Millennials get a bad rap. We’re seen as lazy, unmotivated, and underachieving compared to older generations and no one seems to want to acknowledge that the system is screwed. Unemployment is high, opportunities are low, and we’ve inherited a far different world than the one our parents and grandparents grew up in. No wonder so many of us are suffering from millennial burnout. If you are too, he’s how to stop the madness and get your life back.
Take a deep breath. This sounds simple and pointless but it can make all the difference. When you’re constantly hustling to make more money, achieve greater things, and live up to our generation’s high expectations, it can be incredibly overwhelming. Taking a step back from it all every once in a while to truly breathe and release all the tension you’re feeling can really help keep you sane.
Pick your battles. Sure, having it all sounds great in theory, but is it really even attainable? And if it is, will it be worth it if you’re so stressed and exhausted that you can’t even enjoy it? Probably not. Decide on a handful of goals that truly matter to you and focus on them. It doesn’t matter what your parents or your professors or anyone else are telling you that you need to do—choose the things you care about and develop tunnel vision to shut out the rest of the noise.
Learn how to say no. Turning down opportunities for the sake of your own mental, emotional, and physical health doesn’t make you rude, lazy, or a bad friend/employee—it makes you one smart cookie. Being able to say no to things that don’t fit into your life practically or just because you don’t want them there is a skill that will serve you well throughout your life.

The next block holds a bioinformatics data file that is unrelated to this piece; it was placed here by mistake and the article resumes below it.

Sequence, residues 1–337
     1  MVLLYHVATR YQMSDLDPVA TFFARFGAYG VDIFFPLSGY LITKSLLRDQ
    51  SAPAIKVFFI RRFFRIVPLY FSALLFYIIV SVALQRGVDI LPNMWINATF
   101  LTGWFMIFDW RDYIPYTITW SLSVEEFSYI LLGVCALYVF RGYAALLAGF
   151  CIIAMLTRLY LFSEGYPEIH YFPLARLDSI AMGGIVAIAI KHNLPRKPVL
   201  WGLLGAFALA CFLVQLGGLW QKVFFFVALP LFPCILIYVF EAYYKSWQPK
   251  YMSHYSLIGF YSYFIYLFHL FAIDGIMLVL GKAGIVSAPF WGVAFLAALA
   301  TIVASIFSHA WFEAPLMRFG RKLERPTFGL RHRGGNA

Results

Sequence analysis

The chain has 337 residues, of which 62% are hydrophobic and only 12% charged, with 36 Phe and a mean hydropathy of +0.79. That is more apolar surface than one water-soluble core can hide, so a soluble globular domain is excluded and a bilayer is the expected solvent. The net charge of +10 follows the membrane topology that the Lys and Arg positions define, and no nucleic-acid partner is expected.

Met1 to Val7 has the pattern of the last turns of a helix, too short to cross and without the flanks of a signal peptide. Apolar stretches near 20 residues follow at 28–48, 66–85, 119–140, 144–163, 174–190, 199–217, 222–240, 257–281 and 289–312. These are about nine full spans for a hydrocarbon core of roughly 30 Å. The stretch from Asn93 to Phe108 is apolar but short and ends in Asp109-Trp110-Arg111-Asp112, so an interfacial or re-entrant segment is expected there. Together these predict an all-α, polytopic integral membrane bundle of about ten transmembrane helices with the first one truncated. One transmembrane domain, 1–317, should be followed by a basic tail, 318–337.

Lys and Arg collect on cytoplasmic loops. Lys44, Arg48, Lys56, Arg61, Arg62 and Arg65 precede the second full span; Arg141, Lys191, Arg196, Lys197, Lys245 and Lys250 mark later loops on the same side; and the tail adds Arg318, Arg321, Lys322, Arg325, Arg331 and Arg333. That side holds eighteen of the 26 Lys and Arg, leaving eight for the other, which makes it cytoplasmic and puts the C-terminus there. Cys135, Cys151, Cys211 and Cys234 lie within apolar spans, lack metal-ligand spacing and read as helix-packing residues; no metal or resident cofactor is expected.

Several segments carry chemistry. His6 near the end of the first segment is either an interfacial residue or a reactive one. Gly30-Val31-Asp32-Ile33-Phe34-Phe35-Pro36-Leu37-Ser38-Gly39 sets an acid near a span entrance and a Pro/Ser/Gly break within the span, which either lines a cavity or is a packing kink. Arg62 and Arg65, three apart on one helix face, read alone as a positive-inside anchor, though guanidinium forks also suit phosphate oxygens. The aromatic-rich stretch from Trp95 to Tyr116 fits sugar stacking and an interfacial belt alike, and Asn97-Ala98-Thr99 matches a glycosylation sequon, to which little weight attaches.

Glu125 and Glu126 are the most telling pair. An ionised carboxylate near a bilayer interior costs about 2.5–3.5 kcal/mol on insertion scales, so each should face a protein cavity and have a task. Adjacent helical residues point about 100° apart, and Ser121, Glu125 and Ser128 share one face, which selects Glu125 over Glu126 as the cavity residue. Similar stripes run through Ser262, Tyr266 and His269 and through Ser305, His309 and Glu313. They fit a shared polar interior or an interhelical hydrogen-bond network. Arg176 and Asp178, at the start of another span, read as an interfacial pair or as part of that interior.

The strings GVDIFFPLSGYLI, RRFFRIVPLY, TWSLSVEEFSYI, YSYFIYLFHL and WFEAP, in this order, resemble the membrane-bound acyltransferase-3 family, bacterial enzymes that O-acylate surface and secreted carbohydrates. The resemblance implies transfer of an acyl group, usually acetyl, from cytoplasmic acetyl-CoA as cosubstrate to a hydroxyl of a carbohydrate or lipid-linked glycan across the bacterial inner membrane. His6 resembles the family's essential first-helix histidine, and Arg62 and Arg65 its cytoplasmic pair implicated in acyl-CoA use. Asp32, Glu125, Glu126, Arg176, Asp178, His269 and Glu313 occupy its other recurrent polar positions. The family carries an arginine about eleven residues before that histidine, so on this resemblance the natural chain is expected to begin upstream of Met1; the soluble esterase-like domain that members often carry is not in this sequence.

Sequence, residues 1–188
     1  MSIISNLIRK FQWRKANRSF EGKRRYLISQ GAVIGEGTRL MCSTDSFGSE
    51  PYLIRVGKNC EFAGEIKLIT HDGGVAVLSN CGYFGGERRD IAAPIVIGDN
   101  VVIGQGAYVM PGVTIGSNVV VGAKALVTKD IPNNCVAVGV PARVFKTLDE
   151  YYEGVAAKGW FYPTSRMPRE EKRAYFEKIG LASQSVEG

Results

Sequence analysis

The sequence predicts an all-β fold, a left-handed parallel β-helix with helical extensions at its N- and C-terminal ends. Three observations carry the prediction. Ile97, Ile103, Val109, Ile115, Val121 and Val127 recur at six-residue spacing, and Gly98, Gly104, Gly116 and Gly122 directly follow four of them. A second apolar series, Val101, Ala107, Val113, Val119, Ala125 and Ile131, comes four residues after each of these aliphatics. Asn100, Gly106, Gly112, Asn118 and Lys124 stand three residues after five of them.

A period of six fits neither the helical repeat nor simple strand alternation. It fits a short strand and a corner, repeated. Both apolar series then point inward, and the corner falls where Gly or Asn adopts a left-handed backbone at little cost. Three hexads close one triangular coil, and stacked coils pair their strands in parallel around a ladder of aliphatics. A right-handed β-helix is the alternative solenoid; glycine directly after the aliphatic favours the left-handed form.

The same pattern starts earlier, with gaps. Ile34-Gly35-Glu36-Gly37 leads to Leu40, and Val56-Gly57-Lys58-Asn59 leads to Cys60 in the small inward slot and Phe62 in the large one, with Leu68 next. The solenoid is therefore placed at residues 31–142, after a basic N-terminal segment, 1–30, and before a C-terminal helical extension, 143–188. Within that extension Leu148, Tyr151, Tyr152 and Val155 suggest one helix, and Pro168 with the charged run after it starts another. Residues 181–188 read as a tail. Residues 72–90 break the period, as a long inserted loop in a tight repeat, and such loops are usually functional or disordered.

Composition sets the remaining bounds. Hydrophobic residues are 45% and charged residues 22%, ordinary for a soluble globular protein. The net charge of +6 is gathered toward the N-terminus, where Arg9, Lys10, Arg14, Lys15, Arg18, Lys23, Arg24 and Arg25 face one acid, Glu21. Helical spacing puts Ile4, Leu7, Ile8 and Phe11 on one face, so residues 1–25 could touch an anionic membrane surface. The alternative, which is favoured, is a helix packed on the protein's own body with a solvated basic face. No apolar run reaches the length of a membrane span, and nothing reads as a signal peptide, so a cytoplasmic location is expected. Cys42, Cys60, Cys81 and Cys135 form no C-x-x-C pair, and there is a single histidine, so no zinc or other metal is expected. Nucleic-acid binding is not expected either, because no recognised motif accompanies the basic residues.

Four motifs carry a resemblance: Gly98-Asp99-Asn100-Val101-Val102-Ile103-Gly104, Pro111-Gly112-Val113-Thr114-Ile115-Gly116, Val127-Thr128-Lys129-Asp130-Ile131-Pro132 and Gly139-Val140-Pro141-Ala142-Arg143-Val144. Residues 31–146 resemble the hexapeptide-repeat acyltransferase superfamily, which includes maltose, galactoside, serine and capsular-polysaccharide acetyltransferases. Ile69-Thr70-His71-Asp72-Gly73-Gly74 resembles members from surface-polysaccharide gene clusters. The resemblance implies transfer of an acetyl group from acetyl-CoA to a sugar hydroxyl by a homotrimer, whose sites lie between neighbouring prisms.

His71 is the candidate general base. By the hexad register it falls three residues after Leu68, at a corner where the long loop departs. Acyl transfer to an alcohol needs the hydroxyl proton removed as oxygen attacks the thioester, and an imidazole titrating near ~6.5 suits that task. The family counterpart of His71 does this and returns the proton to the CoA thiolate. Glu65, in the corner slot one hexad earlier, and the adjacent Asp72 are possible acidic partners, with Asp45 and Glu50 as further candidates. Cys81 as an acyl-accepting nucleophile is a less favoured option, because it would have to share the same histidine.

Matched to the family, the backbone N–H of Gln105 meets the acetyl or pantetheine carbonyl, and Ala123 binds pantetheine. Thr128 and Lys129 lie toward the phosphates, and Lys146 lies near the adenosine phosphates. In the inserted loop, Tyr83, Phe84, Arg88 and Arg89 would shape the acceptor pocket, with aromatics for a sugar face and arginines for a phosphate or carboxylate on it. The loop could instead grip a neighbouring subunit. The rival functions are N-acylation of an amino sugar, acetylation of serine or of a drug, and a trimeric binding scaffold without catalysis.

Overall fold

Find a good therapist. If you have insurance that covers mental health services or you live near a therapist that works on a sliding scale payment model (you pay what you can afford based on how much money you earn), this is such a positive and important step to take. Having an impartial person to truly listen to how you feel and offer you unbiased feedback is a game-changer.
Regularly remind yourself of your accomplishments. It’s easy to get bogged down by all the things you haven’t yet achieved but we don’t often take the time to remember and acknowledge all the things we have. Make a list, mental or physical, of all the things you’re proud of yourself for. You might be surprised at just how much you’ve done.
Be realistic. It’d be great to hop straight into a high-powered job in your chosen career field and be making buku bucks by the end of the year but it’s not likely to happen that way. Slow and steady really does win the race. Believe that if you keep your head down and work hard for what you want, you’ll get there eventually. Expecting to jump straight to the top of the ladder is not only unrealistic, but it’ll also leave you disappointed when it doesn’t happen.
Take some time to disconnect every now and then. This goes along with the whole “take a deep breath” thing above. We’re the generation of immediate gratification. We’re constantly scrolling down our phones or laptops and digesting information at a crazy speed. Is there any wonder we feel like we’re going crazy sometimes? Stop every once in a while. Whether it’s to go for a run (without your phone) or even to take a power nap, sometimes you just need to shut your brain down for a while. You’ll be thankful you did.
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